Happy Republic Day!

India’s Republic Day falls on January 26th each year. It celebrations the signing of the Declaration of Independence and their proposed split from the British Empire. Note: it’s not the same as their actual Independence day. Basically, it’s the day they said “We’ve had enough,” and began their quest to be recognized as a separate nation. Other fun fact: Republic Day is one of only three national holidays in India. Yes, I said three. Despite the weekly festivals, only three days are recognized holidays by every single state. The vast majority of holidays are celebrated regionally (can you imagine if California didn’t celebrate Thanksgiving??) so many festivals in Bangalore aren’t a big deal in New Delhi and vice versa. The other two holidays which garner national observance are Gandhi’s birthday on October 2nd and Independence Day on August 15th.

2016 marked the 67th Republic Day, which was primarily celebrated in the capital city of New Delhi with parades and, of course, lots of fireworks. Each year they invite a guest of honor, usually a head-of-state or high level government official from an alliance country. Last year, they invited US President Obama, making him the first US President to receive an invite. This year France’s President Francios Hollande was in attendance, making him the 5th Frenchie to receive the honor.

Bangalore didn’t have too many celebrations (nor many firecrackers, thank goodness – I still haven’t quite recovered from Diwali) but they did have their annual Republic Day Flower Show in Lal Bagh Gardens. This year’s show paid tribute to the 150th birthday of Gustav Krumbiegel – a renowned horticulturist and architect who is primarily responsible for planning the streets of Bangalore. Personally, after living here for six months, I’m not quite sure that the person responsible for the city planning of Bangalore would be at the top of my list to honor (think: Boston’s anti-grid system with 10x the traffic) but oh well. I’m sure he had good intentions.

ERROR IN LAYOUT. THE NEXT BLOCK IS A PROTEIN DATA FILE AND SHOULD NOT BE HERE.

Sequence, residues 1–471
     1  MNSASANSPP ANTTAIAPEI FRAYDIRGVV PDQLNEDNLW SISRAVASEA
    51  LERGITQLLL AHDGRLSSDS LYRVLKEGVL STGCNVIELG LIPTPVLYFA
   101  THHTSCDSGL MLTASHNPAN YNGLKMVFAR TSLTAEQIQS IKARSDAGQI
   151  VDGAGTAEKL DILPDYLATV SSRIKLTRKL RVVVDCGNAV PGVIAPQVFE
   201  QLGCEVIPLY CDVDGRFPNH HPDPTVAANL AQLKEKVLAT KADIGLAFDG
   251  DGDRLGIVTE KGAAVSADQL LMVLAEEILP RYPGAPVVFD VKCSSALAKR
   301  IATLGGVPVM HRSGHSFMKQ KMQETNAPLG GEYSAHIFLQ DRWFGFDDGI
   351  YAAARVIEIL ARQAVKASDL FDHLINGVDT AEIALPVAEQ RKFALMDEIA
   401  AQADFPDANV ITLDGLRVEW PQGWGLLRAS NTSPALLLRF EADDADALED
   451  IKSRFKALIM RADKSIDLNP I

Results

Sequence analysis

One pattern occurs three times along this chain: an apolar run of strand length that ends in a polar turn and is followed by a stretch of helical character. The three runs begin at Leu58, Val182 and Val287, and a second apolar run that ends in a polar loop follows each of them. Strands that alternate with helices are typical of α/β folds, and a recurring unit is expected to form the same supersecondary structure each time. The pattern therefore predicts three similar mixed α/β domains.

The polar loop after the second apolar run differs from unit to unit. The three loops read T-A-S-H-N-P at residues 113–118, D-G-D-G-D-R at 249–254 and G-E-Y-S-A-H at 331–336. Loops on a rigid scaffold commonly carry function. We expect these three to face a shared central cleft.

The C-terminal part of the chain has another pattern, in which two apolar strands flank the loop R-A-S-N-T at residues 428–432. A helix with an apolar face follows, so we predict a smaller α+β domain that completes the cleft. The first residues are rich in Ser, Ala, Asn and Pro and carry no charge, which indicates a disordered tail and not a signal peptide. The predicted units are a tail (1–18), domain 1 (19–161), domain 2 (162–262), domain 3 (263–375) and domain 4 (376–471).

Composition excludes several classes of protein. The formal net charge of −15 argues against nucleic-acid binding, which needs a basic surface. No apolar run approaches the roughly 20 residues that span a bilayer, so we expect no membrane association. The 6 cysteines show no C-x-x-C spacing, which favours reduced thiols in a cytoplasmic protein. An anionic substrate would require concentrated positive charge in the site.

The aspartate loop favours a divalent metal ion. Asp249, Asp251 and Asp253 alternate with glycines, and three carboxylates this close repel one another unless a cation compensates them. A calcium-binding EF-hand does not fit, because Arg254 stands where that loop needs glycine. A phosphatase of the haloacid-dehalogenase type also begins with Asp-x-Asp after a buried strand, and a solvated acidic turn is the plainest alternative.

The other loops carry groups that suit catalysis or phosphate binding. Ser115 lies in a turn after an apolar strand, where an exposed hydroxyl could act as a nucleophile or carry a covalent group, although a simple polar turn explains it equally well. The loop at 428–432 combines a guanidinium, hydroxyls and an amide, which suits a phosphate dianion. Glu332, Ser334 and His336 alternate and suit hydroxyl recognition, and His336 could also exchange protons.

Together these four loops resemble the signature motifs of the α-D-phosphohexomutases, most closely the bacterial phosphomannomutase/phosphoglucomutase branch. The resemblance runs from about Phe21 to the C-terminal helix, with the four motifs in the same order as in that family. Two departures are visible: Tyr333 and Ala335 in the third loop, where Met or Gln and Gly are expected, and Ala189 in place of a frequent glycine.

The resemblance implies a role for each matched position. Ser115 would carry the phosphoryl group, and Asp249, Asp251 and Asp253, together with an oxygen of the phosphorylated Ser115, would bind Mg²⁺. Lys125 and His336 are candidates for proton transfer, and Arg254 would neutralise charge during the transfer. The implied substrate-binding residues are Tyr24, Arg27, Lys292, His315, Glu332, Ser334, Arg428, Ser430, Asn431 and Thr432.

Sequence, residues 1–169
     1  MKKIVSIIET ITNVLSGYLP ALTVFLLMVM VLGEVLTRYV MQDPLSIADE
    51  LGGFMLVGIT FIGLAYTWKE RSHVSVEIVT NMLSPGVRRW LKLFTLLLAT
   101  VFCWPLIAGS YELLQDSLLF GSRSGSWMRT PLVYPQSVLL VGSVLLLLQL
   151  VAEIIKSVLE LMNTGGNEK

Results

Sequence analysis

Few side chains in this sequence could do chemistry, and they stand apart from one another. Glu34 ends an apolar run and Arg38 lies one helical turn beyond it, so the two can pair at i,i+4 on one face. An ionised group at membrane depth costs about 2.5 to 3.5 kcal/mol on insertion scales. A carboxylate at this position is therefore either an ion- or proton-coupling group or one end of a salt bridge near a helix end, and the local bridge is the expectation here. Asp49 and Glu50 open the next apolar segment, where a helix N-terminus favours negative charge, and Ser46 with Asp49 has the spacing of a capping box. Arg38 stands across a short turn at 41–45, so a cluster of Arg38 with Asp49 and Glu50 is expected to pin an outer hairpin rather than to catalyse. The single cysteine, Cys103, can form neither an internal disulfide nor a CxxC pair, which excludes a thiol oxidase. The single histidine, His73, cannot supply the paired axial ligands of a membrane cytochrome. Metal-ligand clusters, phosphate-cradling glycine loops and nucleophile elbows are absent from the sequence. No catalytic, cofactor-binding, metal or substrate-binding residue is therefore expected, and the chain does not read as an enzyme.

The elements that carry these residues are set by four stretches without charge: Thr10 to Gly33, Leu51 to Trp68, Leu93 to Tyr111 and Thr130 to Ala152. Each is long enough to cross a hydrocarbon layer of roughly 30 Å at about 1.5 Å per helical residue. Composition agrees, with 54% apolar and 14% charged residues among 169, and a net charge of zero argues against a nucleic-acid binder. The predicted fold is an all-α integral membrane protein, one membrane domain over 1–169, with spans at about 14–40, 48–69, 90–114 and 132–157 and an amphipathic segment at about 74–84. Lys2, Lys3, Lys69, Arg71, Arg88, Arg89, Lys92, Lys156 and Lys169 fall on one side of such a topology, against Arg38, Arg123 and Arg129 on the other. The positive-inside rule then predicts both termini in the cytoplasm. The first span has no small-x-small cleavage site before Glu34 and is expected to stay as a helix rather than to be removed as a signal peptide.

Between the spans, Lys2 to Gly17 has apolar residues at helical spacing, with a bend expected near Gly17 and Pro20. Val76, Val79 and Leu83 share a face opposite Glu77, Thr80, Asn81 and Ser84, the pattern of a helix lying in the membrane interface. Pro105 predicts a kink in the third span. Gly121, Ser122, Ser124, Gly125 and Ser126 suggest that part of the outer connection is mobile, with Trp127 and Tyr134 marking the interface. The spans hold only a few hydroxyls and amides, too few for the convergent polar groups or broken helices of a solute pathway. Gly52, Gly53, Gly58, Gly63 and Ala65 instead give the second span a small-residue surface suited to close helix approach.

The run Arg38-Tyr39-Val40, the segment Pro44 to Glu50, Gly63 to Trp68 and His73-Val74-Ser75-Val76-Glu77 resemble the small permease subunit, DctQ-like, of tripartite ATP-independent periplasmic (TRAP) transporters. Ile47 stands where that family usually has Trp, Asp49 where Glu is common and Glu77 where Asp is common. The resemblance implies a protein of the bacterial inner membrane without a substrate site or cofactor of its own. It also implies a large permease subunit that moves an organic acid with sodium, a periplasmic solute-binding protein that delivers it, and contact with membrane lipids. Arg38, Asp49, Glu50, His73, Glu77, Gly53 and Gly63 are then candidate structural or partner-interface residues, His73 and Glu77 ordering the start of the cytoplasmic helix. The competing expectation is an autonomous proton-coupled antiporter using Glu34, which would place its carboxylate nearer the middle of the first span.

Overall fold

The flower show provided me with both excellent people watching and flower displays which left me quite confused about what the designer was trying to convey – which was quite entertaining. Veena and I went a few days early to check it out and beat the crowds. We had a nice morning run inside the garden grounds and then made our way to the Glass House where the main showing took place. Check out some of my favorite photos below 🙂

The highlight of the show for me was this lovely creature. We dubbed her as “Bertha” and were so delighted at her existence in the center of the show. Locals flocked to take selfies and seemed to appreciate her for a whole different set of reasons than Veena and I. My only question was: Why?

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Second to Bertha was this creepy-looking baby. Again, it garnered a different type of appreciation from these ladies than from me. I would like to know what this designer was trying to convey when creating this baby head among the flowers.

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Bertha’s guard, perhaps? This fellow was stationed outside of the glass house, and I can only imagine that he is patrolling the red-flowered seas to make sure no unworthy suitors come to court young Bertha. Or, potentially he is on the lookout for her hairdresser, who I would guess is not welcome back.

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This is the replica of Gustav Krumbiegel’s home. Nice, but it doesn’t hold a candle to my friend, Bertha.